Vegetable garden successes

One of the joys of this otherwise largely depressing year has been hearing the stories of first-time vegetable gardeners who took the step of growing some of their own food due to economic insecurity, extra time on their hands, a desire to give back to a community via food donation, or a need to be outdoors more. Welcome to the club! We would have a secret handshake, but that’s not such a great plan right now. Distance elbow bump pantomime!

The fall months are a good time to look back on the season and assess what worked and what didn’t. In this post I’m going to mention some of the plants and cultivars that produced well for me this year. I emphasize me and this year because a secret of vegetable gardening is that each year is different and each garden is different, so I’m not guaranteeing these will be as great for you, or even for me next year. But if the descriptions sound good to you, they may be worth trying.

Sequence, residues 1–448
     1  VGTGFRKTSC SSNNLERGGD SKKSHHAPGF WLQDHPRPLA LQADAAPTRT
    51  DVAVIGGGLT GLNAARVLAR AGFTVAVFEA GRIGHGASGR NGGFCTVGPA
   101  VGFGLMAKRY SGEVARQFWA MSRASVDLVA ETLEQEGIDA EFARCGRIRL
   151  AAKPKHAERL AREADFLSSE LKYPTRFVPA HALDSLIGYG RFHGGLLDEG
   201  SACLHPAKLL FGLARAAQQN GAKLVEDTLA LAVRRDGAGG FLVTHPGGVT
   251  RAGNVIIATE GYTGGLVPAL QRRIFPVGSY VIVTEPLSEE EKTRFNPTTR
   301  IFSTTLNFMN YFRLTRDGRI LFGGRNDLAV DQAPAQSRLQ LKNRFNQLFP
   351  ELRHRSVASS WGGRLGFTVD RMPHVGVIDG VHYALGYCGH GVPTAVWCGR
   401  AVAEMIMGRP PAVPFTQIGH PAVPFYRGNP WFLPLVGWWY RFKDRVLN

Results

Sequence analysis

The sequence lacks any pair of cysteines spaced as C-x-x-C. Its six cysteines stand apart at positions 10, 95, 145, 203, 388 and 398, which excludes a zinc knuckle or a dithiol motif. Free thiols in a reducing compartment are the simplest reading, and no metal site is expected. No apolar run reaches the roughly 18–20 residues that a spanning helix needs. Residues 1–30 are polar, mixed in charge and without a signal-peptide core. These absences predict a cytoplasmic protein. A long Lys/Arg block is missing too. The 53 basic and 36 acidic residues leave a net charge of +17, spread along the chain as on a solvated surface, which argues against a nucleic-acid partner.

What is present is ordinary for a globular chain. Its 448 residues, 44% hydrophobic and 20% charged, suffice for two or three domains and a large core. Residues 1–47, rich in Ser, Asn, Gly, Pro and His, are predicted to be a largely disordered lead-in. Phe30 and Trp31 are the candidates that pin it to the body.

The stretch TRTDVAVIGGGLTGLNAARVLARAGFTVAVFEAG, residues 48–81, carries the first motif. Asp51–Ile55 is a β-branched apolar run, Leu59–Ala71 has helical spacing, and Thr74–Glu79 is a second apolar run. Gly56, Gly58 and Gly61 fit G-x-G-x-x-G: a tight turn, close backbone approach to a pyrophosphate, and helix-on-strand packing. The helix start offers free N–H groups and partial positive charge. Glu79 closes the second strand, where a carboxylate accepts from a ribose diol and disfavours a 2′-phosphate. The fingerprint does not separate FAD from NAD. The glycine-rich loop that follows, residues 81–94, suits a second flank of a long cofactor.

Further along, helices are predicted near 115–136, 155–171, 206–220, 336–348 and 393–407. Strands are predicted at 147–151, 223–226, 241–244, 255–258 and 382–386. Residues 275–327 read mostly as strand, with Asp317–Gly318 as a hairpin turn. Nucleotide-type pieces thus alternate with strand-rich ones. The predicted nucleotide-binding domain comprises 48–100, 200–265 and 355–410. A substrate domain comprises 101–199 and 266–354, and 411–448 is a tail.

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Karifurore or Fioretto cauliflower

You know how sometimes you just – quick! snap a photo, and then it takes you down a rabbit hole? I was recently in a market in Fuling, China (that was the big trip I posted about preparing for last month), eagerly photographing the displays of produce, and got this shot:


We’d been served this vegetable at meals several times previously. It’s clearly cauliflower, but not a variety I was familiar with – all loose and lacy, with lots of delicate stem.

So I got back, and recovered from jet lag, and was casting around for a topic for today’s post, and remembered the cauliflower. What the heck was that? It took a little google-fu to get started – “Asian cauliflower” just provides recipes, but “Asian cauliflower varieties” began to yield results. Continue reading